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Letters for Sept. 22, 2014

• Other issues to address on Kauai • Education is the key

Other issues to address on Kauai

Mr. Hooser’s zeal for Kauai’s health and safety is commendable. However, even he distanced himself from his law post-primary: “While he believes GMOs and pesticides are an important issue on Kauai, Hooser said it is not the overriding one.”

That’s a far cry from last June: “I think at the end of the day (Bill 2491) will be the most important one that I’ve worked on, and maybe will work on.” Is Kauai safer and healthier?

Hawaii DOH reports that Kauai has the highest traffic fatality rate statewide and we took silver in non-fatal injury rate despite thousands of citations.

Those crafting “walkable” Lihue should try actually walking downtown to understand these stats. Starting at $51,240, 2491/960 court costs alone could pay for four officers whose job, so we are told, is to keep us safe.

Leading Hawaii’s fatal injuries is not traffic accidents, drowning or poisoning, but suicide. Hawaii students ranked second-highest nationwide for making a suicide plan with girls at greater risk.

The DOH identified our higher than state average suicide rate with teen pregnancy, health workforce shortage, and drunken driving as chief priorities for Kauai in their 2013 assessment.

Yet, unlike 2491/960, these issues garnered no radio airtime, no marches, no defacing roads with vapid slogans, and no special council sessions. While not politically sexy, these issues are desperately more deserving than 2491/960.

The council has means to address these risks but chooses not to so some members can grandstand, peddle dogma and scramble to save face.

Matt Stevenson


Education is the key

The County of Kauai has some great ideas, but in my opinion has failed miserably to educate residents about the benefits of change.

People are by nature creatures of habit. In order to create new and healthier ones takes time and can be difficult. Many resist because it takes effort.

Education and carefully planned strategies to create “buy in” and understanding of the benefits are key, especially when doing so across different generations.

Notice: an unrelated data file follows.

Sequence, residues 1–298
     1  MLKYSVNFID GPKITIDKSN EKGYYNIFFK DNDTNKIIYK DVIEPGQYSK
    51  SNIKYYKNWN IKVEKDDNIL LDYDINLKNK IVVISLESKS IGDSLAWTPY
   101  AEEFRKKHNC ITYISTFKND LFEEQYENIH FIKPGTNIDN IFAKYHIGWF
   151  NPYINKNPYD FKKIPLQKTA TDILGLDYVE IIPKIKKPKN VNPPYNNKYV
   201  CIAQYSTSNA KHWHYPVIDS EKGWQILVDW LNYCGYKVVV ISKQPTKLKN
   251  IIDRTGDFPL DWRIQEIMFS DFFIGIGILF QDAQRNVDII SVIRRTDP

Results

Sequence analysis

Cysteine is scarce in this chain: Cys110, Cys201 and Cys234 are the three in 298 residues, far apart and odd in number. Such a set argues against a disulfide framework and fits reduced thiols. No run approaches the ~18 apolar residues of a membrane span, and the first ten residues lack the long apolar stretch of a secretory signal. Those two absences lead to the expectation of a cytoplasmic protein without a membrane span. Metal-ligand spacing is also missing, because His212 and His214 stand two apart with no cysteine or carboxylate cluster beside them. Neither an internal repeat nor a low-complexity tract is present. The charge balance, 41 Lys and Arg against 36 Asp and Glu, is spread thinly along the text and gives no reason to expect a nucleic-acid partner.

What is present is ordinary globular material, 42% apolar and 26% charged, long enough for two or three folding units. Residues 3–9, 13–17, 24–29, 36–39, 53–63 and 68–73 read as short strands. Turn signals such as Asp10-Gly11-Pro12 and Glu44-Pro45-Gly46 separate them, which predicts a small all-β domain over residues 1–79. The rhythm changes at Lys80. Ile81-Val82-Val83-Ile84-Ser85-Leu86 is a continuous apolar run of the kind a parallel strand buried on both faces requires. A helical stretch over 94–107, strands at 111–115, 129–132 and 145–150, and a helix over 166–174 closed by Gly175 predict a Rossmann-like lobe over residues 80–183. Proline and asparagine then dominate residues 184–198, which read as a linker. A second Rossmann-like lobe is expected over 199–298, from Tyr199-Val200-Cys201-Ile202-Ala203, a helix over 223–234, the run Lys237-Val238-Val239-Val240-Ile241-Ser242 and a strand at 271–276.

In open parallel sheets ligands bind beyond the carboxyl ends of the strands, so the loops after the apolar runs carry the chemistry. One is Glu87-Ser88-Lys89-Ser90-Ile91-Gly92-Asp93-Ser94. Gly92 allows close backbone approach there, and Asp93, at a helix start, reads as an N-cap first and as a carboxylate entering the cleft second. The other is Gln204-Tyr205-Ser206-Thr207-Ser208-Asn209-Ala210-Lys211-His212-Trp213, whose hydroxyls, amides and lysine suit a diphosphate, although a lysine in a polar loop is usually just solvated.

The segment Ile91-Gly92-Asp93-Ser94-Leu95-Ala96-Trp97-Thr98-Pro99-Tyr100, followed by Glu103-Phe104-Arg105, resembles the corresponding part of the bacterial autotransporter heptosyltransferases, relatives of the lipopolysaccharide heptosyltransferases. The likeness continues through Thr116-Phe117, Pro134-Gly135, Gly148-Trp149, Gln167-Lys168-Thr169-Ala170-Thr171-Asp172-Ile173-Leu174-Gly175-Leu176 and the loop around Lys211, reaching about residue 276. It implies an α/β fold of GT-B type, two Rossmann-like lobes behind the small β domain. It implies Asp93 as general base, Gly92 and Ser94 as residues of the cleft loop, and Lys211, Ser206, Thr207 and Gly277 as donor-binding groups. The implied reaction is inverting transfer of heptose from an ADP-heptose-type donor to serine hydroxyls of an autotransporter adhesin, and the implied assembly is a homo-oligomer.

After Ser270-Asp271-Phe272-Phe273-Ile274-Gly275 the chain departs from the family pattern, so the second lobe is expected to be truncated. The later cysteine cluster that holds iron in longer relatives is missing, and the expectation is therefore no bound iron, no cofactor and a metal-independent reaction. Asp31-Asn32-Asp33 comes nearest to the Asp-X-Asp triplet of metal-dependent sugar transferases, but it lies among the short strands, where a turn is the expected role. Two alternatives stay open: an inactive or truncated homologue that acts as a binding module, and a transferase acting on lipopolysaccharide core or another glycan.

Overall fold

So, with that intro, let’s talk about recycling (and trash) and alternative forms of transportation (and cars). I believe we are far behind the learning curve in educating our residents about the benefits of throwing away less trash and recycling more, and embracing transportation options other than cars.

The county rolled out giant garbage cans for automated residential pick-up and thereby trained people to just throw everything away.

Over time, this has created an extraordinarily bad habit. Now, to break it, the county wants to charge more to keep the cans, or a little less if downsized.

This is completely backwards. So, while Pay as You Throw may ultimately be a good idea, Kauai has poorly strategized about how best to get people to recycle more. One simply needs look at a recent Garden Island poll where some people actually responded “recycling is a waste of time.”

Now, a little about the bus, bike paths and complete streets.

We have been a car culture for a very long time, unlike others around the world where alternative transportation is king and cars are secondary. We read (over and over again) about the old bike path that was built around the island and how expensive alternate transportation is. If you ride bikes, you know the old path is not really safe or respected by many drivers.

While the county attempts to create alternatives, many people resist the change on the grounds that it costs too much or is a waste of resources.

Our habits are hard to break and this likely will be a generational change, embraced by younger people who hopefully will grow up where alternate transportation is not only encouraged but rewarded. This will take time and money.

Let’s hope the county gets it together and figures out that education must come first. Every strategy that involves managing a flawed program and then tries to penalize people for doing what they’ve been taught is rather foolish. Education must come first and we must plan carefully when implementing change.

Jeff Demma



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